American Craft Beer Festival 2009 Part One: Practicalities

Last weekend, the Alstrom Brothers threw one heck of a party, and the Punks were in attendance. We thought we’d throw out a few quick thoughts on the practicalities of attending beer festivals. In our next post we’ll reveal some of the gems we unearthed. If we don’t get to your favorites, cut us some slack, with 300 beers at the festival, we could only cover so much ground. But we look forward to hearing comments from those in attendance.
So I, being the only one lucky enough to be a Boston resident, made it to both evening sessions, the first night with wonderful new friends from out west, the second with Mike and Helen. The first thing we’d like to point out is that, if possible, you should attend the Friday session. I guess out of towners (like Mike and Helen) can’t generally attend on a weeknight. As a result, the crowds were much smaller, meaning significantly shorter lines, less trouble navigating the facility, and potentially friendlier staff since they weren’t being mobbed. In fact, if we have one critique of the festival, it’s that they seem to have sold too many tickets to the Saturday session, and were only using about a third of the facility. At times it was impossible to move, let alone take notes.

The second thing to note is that if you are a serious festival goer, you might want to bring a secretary to take your notes (might as well ask your designated driver…in for a penny in for a pound, just make sure to get them something nice). I found it very difficult to juggle my tasting glass, beer list, and pen all at the same time. It also helps if your notetaker is in the legal profession, as they’ll be familiar with shorthand and are used to taking extensive notes. Our Friday notes read like the back of a napkin at 4AM; our Saturday notes like a court transcript.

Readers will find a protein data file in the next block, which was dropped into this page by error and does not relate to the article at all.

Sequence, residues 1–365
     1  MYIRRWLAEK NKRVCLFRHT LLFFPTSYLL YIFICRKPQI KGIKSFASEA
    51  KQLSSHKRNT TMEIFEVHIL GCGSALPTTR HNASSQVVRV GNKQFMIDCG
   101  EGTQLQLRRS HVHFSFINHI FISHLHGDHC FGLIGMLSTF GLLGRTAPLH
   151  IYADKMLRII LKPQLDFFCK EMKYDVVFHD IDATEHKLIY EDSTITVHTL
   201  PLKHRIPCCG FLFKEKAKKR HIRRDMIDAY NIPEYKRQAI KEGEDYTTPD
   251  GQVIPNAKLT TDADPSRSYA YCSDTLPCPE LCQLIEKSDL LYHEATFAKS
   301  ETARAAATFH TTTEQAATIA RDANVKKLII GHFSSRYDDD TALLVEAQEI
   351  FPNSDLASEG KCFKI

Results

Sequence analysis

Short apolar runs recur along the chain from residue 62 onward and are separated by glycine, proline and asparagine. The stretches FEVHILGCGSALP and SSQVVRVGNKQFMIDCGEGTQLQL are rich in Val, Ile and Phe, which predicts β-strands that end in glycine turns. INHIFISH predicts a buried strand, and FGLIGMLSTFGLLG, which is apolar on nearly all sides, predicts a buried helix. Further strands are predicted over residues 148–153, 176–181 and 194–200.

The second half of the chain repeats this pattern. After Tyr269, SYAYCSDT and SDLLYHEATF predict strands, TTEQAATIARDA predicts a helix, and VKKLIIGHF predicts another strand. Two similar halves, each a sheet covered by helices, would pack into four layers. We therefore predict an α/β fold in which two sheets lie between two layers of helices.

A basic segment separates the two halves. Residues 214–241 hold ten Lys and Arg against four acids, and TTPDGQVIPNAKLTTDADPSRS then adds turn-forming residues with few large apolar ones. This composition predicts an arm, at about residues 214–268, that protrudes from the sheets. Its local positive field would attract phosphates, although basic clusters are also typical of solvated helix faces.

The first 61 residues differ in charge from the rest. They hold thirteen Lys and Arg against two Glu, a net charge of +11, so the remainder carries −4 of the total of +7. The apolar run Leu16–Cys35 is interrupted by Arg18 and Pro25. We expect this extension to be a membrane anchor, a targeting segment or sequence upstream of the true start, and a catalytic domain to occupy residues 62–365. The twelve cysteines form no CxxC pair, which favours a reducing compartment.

Oskar Blues was also distributing necklaces with a beer can on them. We didn’t figure it out until it was too late to be useful, but this is not a spitoon, and not necessarily a fashion accessory either. We did, however, see people keeping their taster in it while they took notes. Very handy, indeed.

Finally, if you’re going to any beer festival, always remember that it’s a marathon, not a sprint, so pace yourself. This is often repeated, and with good reason. To that we would add, it’s not about “getting your money’s worth” either. When we ran the numbers we decided we had paid the equivalent of over six dollars a pint (remember you are only getting two ounces at a time, and you have to wait in line for that even). You’re not here to drink lots of beer cheaply, you can do that at home. You’re here to taste beers you can’t find anywhere else. This also means you should probably shy away from your old favorites for a change and try to find some new ones. So take your time and get searching.